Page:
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As Apple takes on Netflix, is YouTube ditching its original content strategy?

YouTube has canceled plans for big-budget dramas and comedies, according to a report from Bloomberg, which cites unnamed sources with knowledge of the matter. The news comes on the same day as Apple is widely expected to announce its live and on-demand TV streaming service, including a raft of original content that will position it to compete with Netflix, and Amazon Prime Video.

YouTube’s decision to step away from what is shaping up to be a massive battle royale in the premium streaming space, isn’t entirely a surprise. In late 2018, news broke that the company was struggling with its YouTube Premium product (formerly known as YouTube Red), which costs $12 per month for ad-free access to original content, and had decided to introduce an ad-supported model in 2020, alongside the paid option. Now, it looks as though the ad-supported version will be the only one to survive the transition.

Existing YouTube originals, such as the popular Cobra Kai, will continue despite the change in direction — that show is secured for a second season and is reportedly in the midst of negotiations for a third installment. However, new titles that were in the works, such as sci-fi drama Origin and comedy Overthinking With Kat & June, have had their productions terminated, leaving the show producer on the hunt for a new home.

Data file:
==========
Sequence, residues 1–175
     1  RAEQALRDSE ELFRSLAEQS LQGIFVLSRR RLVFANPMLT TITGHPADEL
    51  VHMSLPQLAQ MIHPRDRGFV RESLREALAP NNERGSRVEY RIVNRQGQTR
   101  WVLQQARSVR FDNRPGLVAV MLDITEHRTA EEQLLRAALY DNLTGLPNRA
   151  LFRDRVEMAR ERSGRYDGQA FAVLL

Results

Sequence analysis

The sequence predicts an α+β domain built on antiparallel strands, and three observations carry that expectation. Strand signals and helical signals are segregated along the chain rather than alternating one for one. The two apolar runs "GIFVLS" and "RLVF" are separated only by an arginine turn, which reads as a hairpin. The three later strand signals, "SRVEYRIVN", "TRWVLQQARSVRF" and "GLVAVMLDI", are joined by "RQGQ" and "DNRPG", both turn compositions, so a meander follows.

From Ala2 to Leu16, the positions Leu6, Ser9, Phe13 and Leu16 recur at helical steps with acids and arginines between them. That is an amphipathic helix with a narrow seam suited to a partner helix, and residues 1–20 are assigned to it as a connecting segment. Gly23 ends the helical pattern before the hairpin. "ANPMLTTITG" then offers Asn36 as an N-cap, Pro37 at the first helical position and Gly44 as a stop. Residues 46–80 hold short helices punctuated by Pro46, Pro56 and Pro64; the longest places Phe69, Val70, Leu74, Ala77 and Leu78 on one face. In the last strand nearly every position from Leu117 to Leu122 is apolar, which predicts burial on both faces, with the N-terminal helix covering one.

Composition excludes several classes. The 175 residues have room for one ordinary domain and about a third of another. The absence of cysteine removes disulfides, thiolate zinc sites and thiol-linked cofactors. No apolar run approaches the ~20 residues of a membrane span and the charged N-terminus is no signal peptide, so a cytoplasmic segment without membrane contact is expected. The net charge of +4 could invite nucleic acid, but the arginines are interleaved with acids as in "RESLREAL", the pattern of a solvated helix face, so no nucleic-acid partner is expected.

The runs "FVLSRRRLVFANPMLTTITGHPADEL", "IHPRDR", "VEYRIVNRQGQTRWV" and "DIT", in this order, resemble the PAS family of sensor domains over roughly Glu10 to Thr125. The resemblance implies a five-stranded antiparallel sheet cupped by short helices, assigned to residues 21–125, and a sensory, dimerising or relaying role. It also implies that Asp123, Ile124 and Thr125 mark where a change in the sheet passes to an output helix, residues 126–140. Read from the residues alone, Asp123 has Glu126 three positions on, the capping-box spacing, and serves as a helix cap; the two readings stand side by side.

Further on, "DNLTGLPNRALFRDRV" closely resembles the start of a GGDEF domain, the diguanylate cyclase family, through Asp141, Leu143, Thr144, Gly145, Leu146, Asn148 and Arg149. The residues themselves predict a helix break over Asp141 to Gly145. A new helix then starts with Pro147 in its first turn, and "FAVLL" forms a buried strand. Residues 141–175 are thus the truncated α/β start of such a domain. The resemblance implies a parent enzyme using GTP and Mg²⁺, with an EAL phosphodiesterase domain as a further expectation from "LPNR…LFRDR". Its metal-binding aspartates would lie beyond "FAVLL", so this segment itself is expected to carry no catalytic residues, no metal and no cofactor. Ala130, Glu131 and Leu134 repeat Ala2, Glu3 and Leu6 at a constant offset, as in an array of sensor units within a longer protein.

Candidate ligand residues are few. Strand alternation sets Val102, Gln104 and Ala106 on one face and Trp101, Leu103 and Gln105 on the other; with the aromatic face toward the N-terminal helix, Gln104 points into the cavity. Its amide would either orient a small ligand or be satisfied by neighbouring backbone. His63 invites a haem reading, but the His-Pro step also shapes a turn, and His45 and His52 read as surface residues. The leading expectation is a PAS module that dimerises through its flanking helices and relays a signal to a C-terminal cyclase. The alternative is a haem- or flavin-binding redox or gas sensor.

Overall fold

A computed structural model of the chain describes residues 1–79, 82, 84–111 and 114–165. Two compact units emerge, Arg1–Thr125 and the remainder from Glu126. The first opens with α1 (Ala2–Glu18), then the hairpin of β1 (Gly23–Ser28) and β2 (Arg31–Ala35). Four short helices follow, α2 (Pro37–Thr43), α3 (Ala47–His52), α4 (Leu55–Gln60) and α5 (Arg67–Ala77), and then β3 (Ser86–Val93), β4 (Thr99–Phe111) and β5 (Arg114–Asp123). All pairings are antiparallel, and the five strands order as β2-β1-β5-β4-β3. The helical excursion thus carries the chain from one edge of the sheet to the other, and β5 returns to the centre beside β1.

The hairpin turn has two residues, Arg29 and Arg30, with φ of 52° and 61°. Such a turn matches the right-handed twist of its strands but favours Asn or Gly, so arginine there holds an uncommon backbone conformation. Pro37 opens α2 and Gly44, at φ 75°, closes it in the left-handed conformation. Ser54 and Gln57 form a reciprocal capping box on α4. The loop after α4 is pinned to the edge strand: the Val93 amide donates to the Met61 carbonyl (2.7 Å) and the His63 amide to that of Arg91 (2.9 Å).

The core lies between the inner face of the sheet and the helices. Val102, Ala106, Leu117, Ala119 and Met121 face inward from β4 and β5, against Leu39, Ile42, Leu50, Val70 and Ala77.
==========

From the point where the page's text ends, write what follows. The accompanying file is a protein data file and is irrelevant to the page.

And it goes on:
Observers have already pointed out that any original content strategy that has a hope of competing with behemoths like Netflix, Amazon, Apple, and Disney, would necessarily cost billions of dollars. Despite parent company Google’s vast coffers, YouTube may simply be acknowledging it can’t carve out a niche for itself and still turn a profit on the costly production expenses.

This decision aside, it’s far too early to count YouTube out of the original content game for good. With the world’s largest video platform, generating more than $15 billion in ad revenue in 2018, it can afford to sit out a round or two and see how things shake out. In the meantime, it’s continuing to expand its own live-streaming TV service, YouTube TV, while Google itself has made a play for what might be the most lucrative online service of all: Streaming video games.

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